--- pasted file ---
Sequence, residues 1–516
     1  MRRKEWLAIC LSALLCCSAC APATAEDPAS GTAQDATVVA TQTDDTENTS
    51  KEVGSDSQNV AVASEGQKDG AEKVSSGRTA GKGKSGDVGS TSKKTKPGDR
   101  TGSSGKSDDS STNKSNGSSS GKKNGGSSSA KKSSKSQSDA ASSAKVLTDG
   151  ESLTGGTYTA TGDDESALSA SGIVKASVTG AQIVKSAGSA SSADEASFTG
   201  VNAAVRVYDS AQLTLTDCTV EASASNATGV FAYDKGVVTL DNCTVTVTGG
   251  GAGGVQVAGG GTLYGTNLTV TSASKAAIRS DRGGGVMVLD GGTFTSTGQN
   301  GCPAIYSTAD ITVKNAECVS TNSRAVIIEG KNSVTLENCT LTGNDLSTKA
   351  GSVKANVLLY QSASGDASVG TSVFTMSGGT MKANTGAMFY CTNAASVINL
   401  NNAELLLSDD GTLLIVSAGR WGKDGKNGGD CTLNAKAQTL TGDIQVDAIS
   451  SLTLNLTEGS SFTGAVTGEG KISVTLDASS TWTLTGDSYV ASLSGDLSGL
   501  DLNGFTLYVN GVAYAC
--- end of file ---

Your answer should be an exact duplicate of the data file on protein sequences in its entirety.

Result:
Sequence, residues 1–516
     1  MRRKEWLAIC LSALLCCSAC APATAEDPAS GTAQDATVVA TQTDDTENTS
    51  KEVGSDSQNV AVASEGQKDG AEKVSSGRTA GKGKSGDVGS TSKKTKPGDR
   101  TGSSGKSDDS STNKSNGSSS GKKNGGSSSA KKSSKSQSDA ASSAKVLTDG
   151  ESLTGGTYTA TGDDESALSA SGIVKASVTG AQIVKSAGSA SSADEASFTG
   201  VNAAVRVYDS AQLTLTDCTV EASASNATGV FAYDKGVVTL DNCTVTVTGG
   251  GAGGVQVAGG GTLYGTNLTV TSASKAAIRS DRGGGVMVLD GGTFTSTGQN
   301  GCPAIYSTAD ITVKNAECVS TNSRAVIIEG KNSVTLENCT LTGNDLSTKA
   351  GSVKANVLLY QSASGDASVG TSVFTMSGGT MKANTGAMFY CTNAASVINL
   401  NNAELLLSDD GTLLIVSAGR WGKDGKNGGD CTLNAKAQTL TGDIQVDAIS
   451  SLTLNLTEGS SFTGAVTGEG KISVTLDASS TWTLTGDSYV ASLSGDLSGL
   501  DLNGFTLYVN GVAYAC